2012 is the first year I can say I’ve been genuinely active on Social Media and if there’s one heartfelt lesson I can take away from it all it’s this; our online social communities are all about engagement. Paul Taylor is the no.1 advocate for this in my opinion – a true digital champion (give him a follow if you don’t already). Not only does he bring a wealth of knowledge, experience and common sense to Social Media, he also brings personality, sense of humour and heaps of appreciation. It’s a great balance to his character and he has qualities we could all take something from.

So whilst Father Christmas waits in the wings to bring a bundle of presents to your communities (and I sincerely hope he does), have a think what presence you can bring within your digital communities. You have a wonderful opportunity to present yourself and your organisation within Social Media, to be an ambassador in your own digital realm, so make the experience a pleasant and social one for each and everyone.

Have a safe and a happy holiday and I’ll see you in 2013!

Andy

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Think inside the box!

Just recently leadership took on a whole new meaning for me when I realised a certain someone started to watch my every move, they were repeating things I’d say but not always doing as I’d ask of them. Don’t worry, I’m not talking about a disruptive colleague – in fact, this person doesn’t even reside in my workplace.

At 08:32 on Monday, 5th July 2010 I became a father to the most beautiful creation on the planet; Jessica Rose. Since taking on this new heir of responsibility I’ve watched with admiration how she has grown and developed over the last couple of years – from drinking that first bottle to taking her first steps; nothing comes close to the sense of pride I get from these milestones – all of which came from the nurturing between my wife Julia and me.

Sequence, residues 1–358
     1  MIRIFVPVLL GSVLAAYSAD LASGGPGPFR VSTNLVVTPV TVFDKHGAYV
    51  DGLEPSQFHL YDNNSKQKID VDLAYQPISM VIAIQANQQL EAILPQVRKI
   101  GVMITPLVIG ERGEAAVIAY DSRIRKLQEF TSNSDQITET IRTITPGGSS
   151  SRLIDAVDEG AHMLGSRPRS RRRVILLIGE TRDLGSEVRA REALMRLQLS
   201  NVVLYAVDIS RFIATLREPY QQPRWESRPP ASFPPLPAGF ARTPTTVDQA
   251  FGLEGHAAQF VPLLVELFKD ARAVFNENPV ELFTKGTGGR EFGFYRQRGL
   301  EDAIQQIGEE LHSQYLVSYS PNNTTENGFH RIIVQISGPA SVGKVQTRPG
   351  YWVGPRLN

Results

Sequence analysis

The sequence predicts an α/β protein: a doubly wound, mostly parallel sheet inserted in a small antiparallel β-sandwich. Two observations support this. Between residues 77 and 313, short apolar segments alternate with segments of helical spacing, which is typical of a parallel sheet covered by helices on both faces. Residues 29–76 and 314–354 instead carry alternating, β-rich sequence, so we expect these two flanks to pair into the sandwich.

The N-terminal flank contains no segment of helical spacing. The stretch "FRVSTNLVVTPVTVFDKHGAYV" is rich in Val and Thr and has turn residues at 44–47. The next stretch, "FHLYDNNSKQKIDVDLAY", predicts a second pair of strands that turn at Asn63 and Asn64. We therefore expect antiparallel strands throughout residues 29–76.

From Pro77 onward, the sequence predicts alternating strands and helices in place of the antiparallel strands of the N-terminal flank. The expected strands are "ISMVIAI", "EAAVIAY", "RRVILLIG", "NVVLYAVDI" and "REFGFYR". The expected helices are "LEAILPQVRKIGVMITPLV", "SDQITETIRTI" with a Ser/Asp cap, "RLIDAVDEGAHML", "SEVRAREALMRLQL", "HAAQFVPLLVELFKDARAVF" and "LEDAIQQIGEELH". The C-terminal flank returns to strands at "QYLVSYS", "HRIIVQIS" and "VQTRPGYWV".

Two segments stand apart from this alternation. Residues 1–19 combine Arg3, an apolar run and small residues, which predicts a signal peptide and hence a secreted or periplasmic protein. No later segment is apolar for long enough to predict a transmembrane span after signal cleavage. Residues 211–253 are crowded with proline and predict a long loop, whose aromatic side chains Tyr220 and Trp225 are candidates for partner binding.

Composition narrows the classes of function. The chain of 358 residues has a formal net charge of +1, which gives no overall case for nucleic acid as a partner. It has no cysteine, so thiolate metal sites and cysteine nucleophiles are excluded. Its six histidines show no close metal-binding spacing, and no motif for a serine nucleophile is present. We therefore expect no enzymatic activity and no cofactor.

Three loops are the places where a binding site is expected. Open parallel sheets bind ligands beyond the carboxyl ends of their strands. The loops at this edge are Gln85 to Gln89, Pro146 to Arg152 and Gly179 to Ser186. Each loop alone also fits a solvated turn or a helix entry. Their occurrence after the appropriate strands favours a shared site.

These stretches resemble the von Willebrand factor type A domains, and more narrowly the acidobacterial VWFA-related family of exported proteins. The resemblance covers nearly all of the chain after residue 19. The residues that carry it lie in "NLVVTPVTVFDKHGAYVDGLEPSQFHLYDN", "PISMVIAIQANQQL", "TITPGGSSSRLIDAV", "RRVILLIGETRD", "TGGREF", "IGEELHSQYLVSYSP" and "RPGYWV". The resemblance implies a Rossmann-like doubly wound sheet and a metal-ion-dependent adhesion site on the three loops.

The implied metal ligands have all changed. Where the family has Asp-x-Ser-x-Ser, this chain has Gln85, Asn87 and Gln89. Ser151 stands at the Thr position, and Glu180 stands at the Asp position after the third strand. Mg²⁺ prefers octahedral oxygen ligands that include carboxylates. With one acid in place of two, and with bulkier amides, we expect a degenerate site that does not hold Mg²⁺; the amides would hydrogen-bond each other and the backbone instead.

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But, as with all relationships they are a two way thing and I’m learning lots from Jessica as she is from me. There is something we can all learn from the way children think; they know no boundaries. We all share the same stories at Birthdays and at Christmas time when the giving of presents results in a young child being more likely to play with a box than with its contents, but why is this?!?!

Children are not bound to a set of rules that would come with a toy; it goes forward, it goes backwards; this goes here, that goes there; it turns on, it shuts off. A child’s natural inquisitive nature tells them to look at the bigger picture, to take a step back and look at their surroundings. What is it that’s actually before them? That brown cardboard frame that housed the expensive toy you just brought for them is more than just a box; it’s a den, it’s a train; it’s a house; a castle! The toy they have just unwrapped hasn’t gone to waste, they’ve just found a much better way to enjoy it – that we hadn’t thought of!

I recently heard a story how Disney’s Chief Imagineer kept trying to convince a room full of board members how it feels to be close to animals on safari – he was trying to sell an idea to them that would eventually unfold into what we know as Disney’s Animal Kingdom. After a number of failed meetings, unsuccessful presentations and countless heated discussions, he had one final go to convince the jury; he took a tiger into the meeting room!

How could we use this realness principle for our new ideas or service improvements?We all need to get more creative. We need to be radical in our approach. We need to throw out the rulebook. Take down the boundaries. We need to get inside the box!